The only thing holding Tannehill back right now is he that doesn't throw with anticipation yet, due to a lack of starting experience. If he developes the ability to accomplish this, and get his delivery up to where he has a more consistent release, he'll be fine. If not, he won't.

Weeden's age won't prevent him from being a good NFL quarterback, it only limits the duration that he's a good NFL quarterback if he indeed becomes one. Not being able to deal with pressure, and decision making is what will prevent Weeden from becoming a franchise quarterback. If he learns how to work on these flaws, he'll be fine. If not, he won't.

Blake the great
03-20-2012, 05:52 PM
The only thing that worries me about Weeden is that I just dont see much upside to him and its not just his age. He comes from a spread offense system and history has shown that QB's that come from that type of system doesnt translate well to the pros. I worry about Weeden's footwork and lack of mobility.

Tannehill comes from a pro style and is a great athlete so those are both pluses. I also understand that Tannehill struggled against some good teams but the same can be said about Weeden, especially in the Texas game. Weeden had a couple really good throws but he also could have had 2 or 3 INT's in that game that were dropped by the defender. Weeden stares down his WR's and will force too many passes, throws it deep to blackmon when he's double covered.

http://www.youtube.com/watch?v=YsevlHpqatI

That video has every throw against Texas and im just not sold on him, I would rather take my chances with Tannehill

WSE
03-20-2012, 05:53 PM
athletic ability which I guess is tied more to upside.

TedSlimmJr
03-20-2012, 06:06 PM
The only thing that worries me about Weeden is that I just dont see much upside to him and its not just his age. He comes from a spread offense system and history has shown that QB's that come from that type of system doesnt translate well to the pros. I worry about Weeden's footwork and lack of mobility.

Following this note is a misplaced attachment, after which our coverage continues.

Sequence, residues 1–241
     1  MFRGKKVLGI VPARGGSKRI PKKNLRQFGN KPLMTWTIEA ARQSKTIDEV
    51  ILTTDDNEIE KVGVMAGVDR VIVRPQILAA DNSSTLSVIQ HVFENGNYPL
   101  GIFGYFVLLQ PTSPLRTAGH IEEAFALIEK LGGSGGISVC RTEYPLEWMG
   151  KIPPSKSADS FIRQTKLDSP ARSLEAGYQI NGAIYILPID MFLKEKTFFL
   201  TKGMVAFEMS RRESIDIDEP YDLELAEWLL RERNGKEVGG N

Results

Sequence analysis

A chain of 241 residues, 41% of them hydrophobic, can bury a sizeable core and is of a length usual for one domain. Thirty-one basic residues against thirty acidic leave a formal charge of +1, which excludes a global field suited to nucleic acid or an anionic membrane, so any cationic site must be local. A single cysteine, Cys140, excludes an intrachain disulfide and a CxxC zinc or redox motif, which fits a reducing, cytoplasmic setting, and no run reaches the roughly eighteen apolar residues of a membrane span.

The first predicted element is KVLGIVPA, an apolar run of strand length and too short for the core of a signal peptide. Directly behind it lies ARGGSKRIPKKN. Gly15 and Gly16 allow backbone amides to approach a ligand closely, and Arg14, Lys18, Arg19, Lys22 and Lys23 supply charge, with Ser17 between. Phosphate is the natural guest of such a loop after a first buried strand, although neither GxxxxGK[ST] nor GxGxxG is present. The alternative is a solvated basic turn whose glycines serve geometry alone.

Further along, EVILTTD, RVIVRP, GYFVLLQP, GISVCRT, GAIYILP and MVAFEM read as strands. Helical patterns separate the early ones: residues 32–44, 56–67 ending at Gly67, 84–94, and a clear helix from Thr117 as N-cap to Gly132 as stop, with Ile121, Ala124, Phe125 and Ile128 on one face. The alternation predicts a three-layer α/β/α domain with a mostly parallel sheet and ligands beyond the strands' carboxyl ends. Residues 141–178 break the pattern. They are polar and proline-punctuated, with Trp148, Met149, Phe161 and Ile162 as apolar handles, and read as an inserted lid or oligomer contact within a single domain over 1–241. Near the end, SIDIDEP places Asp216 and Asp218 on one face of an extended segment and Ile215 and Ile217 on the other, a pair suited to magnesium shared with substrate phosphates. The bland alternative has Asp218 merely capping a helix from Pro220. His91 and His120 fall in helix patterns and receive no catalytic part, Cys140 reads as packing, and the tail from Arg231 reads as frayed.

Tannehill comes from a pro style and is a great athlete so those are both pluses. I also understand that Tannehill struggled against some good teams but the same can be said about Weeden, especially in the Texas game. Weeden had a couple really good throws but he also could have had 2 or 3 INT's in that game that were dropped by the defender. Weeden stares down his WR's and will force too many passes, throws it deep to blackmon when he's double covered.

http://www.youtube.com/watch?v=YsevlHpqatI

That video has every throw against Texas and im just not sold on him, I would rather take my chances with Tannehill


Completely agree. I've already seen Oklahoma St.'s game against Manny Diaz's defense a dozen times and already pointed out that he should've had about 5 picks if not for the Texas DB's dropping 'em... right here in this thread....

http://www.finheaven.com/forums/showthread.php?315518-Brandon-Weeden/page2



I like Weeden's aggressive decision making and confidence to try and fit the ball into tight coverage. It's why Andy Dalton was able to be successful as a rookie. However, it's what gets Weeden into trouble and leads to turnovers because his ball placement can be erratic... especially when he gets a little rattled due to having to deal with pressure. He's not used to it.